I wrote about Free Bird two years ago, to the surprise of many readers who thought, well … different things about Iran, most of them not very positive. We tend not to realize how media reporting and statements from government officials influence our views of a place like Iran. I don’t doubt that some of the crazy things we hear about do indeed happen. Yet I suspect the country is significantly composed of citizens that probably have little control over the direction their government chooses. So, with this update, I plan to tell you a little about what it’s like for the Dorna Aircraft Company to operate in a country like Iran. Think whatever you will, but you likely see attractive aircraft comparable to those from many countries.
“Oh, you want to see the Dorna Aircraft showroom,” a Tehran visitor might ask. “Ah, go to the Negar Tower and take the elevator to the 23rd floor.” According to marketing and business development point man for Dorna, Sajad Entesari, “I think it’s highest show room in region.” With his father Yaghoub, Dorna’s CEO, this family-run Iranian airplane producer has some struggles operating in the country, as you might expect. Sajad wrote, “Right now we have problems buying composite materials, engines, and avionics in Iran, but the main problem is because of the sanctions, which is [not] related to us because we are not a military or nuclear company! [Because of the sanctions we] can’t buy those things at an OEM price plus we have lost the global market for three years.” Still, they report selling 23 Blue Bird models and three Free Birds. The Blue Bird meets EASA’s certification specifications for a VLA (Very Light Aircraft). It is slightly faster, using the 115-horsepower Rotax 914 turbo engine but is clearly a sibling to the lighter, LSA-capable Free Bird that is powered by the 100-horsepower Rotax 912ULS.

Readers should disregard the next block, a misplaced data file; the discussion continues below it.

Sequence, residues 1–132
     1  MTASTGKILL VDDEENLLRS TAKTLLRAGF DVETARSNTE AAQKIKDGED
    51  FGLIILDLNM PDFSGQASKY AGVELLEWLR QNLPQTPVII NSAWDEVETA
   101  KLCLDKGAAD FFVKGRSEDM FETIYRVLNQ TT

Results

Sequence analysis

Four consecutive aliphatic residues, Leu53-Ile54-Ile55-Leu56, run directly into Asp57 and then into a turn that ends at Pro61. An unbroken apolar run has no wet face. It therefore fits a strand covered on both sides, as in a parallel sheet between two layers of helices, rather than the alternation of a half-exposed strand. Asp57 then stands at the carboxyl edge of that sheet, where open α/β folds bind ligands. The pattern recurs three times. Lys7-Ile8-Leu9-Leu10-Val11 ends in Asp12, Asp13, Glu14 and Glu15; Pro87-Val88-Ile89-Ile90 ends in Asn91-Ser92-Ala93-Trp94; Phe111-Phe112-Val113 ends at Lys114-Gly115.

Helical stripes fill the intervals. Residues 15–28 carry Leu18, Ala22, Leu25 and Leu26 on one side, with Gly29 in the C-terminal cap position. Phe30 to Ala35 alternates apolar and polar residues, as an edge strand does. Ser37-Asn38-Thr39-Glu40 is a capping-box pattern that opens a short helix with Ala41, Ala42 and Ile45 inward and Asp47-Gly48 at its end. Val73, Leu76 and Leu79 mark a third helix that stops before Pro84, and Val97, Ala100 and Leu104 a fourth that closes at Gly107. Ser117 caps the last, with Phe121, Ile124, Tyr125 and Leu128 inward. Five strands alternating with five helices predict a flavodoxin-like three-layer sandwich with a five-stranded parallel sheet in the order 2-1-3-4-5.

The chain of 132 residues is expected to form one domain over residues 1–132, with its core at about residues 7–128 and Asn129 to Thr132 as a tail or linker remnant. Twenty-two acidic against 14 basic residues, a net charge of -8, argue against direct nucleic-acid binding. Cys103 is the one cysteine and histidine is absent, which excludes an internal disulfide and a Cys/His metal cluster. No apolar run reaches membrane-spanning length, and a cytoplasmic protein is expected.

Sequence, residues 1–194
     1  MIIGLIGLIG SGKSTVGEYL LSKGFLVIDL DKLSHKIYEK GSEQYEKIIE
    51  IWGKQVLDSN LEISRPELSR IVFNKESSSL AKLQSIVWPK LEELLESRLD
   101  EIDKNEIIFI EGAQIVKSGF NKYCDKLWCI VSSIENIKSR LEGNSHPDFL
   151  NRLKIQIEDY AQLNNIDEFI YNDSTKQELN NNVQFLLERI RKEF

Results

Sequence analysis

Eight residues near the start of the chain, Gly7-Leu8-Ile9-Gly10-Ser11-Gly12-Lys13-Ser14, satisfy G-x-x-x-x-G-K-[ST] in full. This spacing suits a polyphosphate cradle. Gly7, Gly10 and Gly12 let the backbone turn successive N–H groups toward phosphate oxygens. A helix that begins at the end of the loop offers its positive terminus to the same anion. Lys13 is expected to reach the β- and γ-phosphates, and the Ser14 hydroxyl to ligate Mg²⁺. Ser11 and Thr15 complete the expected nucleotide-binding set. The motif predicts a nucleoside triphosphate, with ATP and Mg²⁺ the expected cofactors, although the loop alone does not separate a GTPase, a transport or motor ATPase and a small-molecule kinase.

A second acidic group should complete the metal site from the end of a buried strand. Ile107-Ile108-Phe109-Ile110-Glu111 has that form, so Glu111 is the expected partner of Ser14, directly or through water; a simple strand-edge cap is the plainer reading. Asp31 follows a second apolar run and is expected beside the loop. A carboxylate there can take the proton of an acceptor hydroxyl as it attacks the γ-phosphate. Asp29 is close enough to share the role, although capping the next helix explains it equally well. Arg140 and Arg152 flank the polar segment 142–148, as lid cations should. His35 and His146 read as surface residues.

Those economic sanctions bite and so does uncertainty … just as the latter problem causes challenges for businessmen in many western countries. “Since president Rohani [was elected] many things changed and everybody waits to see what happens next.” Regardless of the political headwinds, Dorna wants to enter U.S. and European markets. Their Free Bird (specs) is designed to meet ASTM standards used to gain acceptance for an SLSA. Dorna is aware of FAA auditing of LSA producers around the world. They indicate they can pave the way for FAA officials to come inspect their facility as needed, even arranging local cooperation as needed. They are also seeking investors for production in another country, where perhaps they would not be so restricted by the economic sanctions.
Sajad added, “In Iran many people love the American people and so many [Iranians] lived in or were educated in U.S., including our CEO. Yaghoub Antesary was educated in USA as an MBA student. He also got his bachelor of aeronautical engineering degree and Private Pilot license in America.” Put it all together and it begins to sound like any LSA company with ambitions for growth and product development. You can see more for yourself at their Facebook page; then, judge for yourself. Try as governments will to slow the pace, the spread of information is facilitated by the Internet. For companies like Dorna that are not multinational conglomerates, the Web is essential.
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